sisters

I have one sister who is two years older than I am. Her birthday is in July, mine is in September. With Easter and Christmas it made for four nicely divided events for my grandmother on Momie’s side to send gifts to both of us. For a number of years we were the same size, so often two dresses would come and the birthday girl got to choose. At Christmas a huge box would arrive. My sister and I would see this box under the tree. We were not allowed to open or pick it up, but we could sniff and guess. We would sniff the box like puppy dogs to guess what it might be.

These grandparents died when I was quite young so the sniffing game did not last forever. But with just two of us so close together, it was not surprising that we often got gifts on one anothers birthday and were given similar gifts at Christmas and Easter. My parents apparently tried to keep things even. Long after I was married and living on my own, my dad once showed me his list of “gifts” (money spent.)  My sister was widowed when her children were young, so their help for her made sense. I did have to chuckle when the cost of a parental visit to see me in the west was his idea of making things even.

I had four kids of my own. There was no way to keep things even and they did not expect it. If one child needed new shoes, it made very little sense to buy four pair. The one son got new clothes; the younger of the girls got “hand me downs”. I found that if I stashed them in the basement for a year, by the time the next one needed them, they were sort of new, or at least forgotten.

Two sets of the older grandchildren consist of a boy and a girl per family. Two similar outfits doesn’t work. But my two youngest grand-kids are two girls two years apart, just like my sister and I. They are very different little girls, but then my sister and I were very different as well, and when I find the perfect something for one, I am often tempted to get two. Keeping things even really isn’t a great idea. My sister and I did laugh about it long after our parents were gone.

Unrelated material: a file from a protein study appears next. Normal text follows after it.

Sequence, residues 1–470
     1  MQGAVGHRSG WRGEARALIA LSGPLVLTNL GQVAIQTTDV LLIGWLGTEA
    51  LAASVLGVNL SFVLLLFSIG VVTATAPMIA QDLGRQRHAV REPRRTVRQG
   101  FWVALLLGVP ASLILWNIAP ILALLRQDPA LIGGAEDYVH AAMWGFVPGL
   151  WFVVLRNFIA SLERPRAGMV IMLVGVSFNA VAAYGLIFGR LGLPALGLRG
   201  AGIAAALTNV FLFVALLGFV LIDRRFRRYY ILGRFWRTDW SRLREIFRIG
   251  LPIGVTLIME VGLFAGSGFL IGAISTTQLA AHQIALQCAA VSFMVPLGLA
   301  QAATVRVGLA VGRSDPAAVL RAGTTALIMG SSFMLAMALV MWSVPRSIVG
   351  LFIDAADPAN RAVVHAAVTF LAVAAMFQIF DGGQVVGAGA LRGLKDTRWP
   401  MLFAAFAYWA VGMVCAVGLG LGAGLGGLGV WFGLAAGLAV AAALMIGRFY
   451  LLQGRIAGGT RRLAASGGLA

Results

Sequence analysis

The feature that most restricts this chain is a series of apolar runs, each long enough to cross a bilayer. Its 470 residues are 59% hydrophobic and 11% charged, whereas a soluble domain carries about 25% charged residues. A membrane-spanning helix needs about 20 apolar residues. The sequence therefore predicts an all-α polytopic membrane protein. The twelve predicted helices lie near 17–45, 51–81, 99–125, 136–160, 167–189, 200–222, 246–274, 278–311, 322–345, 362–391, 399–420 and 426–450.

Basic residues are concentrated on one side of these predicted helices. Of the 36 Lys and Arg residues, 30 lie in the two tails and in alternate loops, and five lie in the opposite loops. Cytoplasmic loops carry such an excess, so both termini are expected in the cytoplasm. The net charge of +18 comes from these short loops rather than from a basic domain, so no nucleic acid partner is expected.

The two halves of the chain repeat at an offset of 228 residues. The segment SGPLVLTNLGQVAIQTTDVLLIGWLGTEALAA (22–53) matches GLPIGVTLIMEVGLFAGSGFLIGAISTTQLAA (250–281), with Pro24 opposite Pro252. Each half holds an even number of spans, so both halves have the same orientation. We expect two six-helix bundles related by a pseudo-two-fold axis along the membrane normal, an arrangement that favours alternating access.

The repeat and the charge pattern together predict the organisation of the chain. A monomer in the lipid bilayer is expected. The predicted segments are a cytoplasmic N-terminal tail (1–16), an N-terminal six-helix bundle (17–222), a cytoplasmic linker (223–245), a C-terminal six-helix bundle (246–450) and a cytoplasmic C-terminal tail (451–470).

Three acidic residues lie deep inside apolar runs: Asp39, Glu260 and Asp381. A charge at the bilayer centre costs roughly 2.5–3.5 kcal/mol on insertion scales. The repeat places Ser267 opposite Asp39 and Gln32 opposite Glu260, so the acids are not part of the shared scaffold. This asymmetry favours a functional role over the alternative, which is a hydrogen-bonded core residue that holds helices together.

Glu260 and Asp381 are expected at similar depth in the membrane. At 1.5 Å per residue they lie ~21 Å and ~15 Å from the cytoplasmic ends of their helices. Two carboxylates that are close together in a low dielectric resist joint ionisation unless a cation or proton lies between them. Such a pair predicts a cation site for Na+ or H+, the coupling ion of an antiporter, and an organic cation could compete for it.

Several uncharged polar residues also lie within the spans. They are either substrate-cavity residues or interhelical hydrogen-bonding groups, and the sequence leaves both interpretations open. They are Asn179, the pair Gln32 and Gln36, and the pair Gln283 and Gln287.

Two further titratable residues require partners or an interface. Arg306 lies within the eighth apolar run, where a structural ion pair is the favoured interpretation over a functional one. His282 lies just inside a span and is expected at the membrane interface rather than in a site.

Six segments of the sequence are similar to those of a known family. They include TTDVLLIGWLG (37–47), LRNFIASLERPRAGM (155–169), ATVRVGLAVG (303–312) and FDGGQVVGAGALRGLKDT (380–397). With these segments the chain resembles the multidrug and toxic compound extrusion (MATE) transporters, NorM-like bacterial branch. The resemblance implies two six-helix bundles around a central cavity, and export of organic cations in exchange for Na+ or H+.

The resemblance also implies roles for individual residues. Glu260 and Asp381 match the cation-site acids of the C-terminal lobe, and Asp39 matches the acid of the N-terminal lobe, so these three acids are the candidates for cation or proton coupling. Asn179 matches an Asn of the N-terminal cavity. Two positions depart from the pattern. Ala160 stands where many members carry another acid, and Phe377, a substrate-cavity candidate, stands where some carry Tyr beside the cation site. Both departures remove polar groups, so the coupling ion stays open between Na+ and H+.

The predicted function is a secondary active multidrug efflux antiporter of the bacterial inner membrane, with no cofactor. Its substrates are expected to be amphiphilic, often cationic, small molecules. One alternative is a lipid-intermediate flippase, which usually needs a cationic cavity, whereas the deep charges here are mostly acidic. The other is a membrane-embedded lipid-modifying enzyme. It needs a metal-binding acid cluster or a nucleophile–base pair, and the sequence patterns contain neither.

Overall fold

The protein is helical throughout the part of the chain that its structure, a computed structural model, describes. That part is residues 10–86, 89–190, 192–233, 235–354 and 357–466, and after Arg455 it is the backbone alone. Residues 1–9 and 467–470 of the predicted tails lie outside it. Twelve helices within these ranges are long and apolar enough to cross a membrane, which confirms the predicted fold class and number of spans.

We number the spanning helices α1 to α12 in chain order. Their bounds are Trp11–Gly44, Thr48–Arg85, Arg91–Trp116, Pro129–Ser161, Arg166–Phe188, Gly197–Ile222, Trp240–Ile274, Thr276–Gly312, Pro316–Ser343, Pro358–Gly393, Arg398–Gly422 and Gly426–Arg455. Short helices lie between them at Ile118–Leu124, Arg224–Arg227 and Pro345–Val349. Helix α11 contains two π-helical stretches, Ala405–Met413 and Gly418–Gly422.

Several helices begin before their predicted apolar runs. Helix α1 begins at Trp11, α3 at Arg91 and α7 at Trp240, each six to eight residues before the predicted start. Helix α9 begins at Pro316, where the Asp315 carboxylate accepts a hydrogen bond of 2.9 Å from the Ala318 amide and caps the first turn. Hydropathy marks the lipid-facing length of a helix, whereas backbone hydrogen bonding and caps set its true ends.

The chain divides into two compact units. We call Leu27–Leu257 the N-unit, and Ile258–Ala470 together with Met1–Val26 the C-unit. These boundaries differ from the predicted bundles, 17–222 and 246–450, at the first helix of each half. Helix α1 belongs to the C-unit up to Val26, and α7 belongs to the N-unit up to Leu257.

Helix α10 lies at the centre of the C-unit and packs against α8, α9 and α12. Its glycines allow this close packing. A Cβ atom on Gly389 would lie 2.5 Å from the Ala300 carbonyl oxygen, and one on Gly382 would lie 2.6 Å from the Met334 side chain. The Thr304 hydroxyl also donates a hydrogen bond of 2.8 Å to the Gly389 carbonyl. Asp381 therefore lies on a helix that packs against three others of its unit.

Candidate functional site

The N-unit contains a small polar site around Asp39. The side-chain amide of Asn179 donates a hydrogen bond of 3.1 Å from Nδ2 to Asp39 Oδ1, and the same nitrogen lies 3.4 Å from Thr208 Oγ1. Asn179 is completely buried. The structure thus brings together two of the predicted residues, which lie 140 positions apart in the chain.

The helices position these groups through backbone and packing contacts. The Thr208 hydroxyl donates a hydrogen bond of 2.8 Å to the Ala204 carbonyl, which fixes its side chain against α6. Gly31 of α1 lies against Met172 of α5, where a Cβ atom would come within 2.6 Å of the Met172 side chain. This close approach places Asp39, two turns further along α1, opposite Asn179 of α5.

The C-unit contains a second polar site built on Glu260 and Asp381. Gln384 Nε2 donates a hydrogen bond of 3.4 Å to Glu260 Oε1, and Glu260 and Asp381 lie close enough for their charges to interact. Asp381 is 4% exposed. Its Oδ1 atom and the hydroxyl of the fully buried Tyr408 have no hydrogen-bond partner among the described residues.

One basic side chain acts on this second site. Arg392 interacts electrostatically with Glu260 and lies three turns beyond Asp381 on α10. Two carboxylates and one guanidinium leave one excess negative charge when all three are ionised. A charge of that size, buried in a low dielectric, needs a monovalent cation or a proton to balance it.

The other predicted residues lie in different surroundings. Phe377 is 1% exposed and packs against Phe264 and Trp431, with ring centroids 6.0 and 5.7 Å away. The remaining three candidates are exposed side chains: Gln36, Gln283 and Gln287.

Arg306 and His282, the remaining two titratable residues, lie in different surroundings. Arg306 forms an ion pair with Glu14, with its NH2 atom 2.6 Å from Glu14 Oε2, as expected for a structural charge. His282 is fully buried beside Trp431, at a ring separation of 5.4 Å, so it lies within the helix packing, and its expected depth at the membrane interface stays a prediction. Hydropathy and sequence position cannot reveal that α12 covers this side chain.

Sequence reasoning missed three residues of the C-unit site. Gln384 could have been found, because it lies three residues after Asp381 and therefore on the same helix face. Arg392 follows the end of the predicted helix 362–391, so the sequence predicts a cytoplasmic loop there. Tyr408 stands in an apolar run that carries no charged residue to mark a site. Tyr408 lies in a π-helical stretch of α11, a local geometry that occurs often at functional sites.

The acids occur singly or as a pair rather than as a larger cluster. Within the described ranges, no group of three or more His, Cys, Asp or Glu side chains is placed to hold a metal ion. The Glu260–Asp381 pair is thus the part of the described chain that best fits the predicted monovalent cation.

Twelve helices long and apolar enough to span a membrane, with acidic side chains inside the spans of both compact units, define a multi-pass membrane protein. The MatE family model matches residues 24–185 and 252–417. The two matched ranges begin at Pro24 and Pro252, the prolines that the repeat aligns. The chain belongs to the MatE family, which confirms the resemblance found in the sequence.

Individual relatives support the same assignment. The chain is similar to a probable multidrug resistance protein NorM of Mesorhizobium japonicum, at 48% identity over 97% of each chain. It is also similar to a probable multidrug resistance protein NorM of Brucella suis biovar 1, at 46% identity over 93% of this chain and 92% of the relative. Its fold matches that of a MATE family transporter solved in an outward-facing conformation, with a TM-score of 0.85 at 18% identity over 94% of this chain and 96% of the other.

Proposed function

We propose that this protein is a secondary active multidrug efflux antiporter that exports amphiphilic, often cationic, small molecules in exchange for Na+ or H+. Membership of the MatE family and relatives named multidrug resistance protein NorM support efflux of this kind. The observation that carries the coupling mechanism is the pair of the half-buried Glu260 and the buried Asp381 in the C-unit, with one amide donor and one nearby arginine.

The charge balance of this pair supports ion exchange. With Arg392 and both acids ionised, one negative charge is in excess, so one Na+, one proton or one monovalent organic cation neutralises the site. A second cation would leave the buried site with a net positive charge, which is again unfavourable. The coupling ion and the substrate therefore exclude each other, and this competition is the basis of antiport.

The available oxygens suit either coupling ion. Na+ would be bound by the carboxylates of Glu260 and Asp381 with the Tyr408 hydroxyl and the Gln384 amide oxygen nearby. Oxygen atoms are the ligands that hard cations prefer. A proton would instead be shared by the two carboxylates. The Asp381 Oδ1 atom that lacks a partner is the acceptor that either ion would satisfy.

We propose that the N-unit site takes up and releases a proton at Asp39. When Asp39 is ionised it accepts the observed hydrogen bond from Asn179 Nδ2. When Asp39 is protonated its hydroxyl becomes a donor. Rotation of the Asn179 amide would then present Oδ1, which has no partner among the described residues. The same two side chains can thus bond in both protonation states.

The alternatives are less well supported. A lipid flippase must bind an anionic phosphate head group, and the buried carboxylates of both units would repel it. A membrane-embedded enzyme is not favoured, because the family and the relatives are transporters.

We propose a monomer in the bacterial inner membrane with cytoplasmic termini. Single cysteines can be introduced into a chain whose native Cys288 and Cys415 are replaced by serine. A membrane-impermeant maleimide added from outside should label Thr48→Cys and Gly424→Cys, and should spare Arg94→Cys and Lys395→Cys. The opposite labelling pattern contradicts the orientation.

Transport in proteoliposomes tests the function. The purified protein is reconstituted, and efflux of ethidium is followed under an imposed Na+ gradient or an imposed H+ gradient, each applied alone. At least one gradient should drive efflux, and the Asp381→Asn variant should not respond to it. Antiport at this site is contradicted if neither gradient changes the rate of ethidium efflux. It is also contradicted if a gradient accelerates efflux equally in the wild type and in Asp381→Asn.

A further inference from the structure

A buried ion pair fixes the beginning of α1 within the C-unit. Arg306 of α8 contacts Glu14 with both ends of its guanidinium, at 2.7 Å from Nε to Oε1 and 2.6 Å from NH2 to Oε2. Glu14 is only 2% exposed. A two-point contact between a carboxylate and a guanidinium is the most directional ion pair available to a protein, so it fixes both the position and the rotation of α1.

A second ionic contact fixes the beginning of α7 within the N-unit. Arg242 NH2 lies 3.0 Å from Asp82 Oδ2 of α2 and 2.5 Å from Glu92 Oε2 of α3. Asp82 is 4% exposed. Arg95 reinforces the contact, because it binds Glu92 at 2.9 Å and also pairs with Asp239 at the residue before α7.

Lucy wanted a poncho. I had no idea ponchos were in style. I found a pattern on line and bought a giant, multi-colored ball of yarn and knit it for her. She tried it on and loved it. I saw the look on Phoebe’s face.
“What color would you like yours?” I could tell I would be knitting another one.

Phoebe picked hers up today. The same color. The same size. I hope they find a way of telling them apart, if it matters. I guess two little girls, two years apart do like the same things when they are 6 and 8. Dare I knit a poncho for the American girl dolls? times two? I suppose so. There is yarn left over.

Advertisements
This entry was posted in knitting, lucy, phoebe and tagged . Bookmark the permalink.

2 Responses to sisters

  1. Tara says:

    Phoebe looks so pleased…and that poncho looks adorable. What a lucky set of grandchildren!

  2. I love the old fashioned pictures with the dolls…precious ….and the one with the poncho. Yes they are lucky grandchildren and a poncho for the American girl doll is a great idea xo nanc

Leave a Reply

Fill in your details below or click an icon to log in:

WordPress.com Logo

You are commenting using your WordPress.com account. Log Out / Change )

Twitter picture

You are commenting using your Twitter account. Log Out / Change )

Facebook photo

You are commenting using your Facebook account. Log Out / Change )

Google+ photo

You are commenting using your Google+ account. Log Out / Change )

Connecting to %s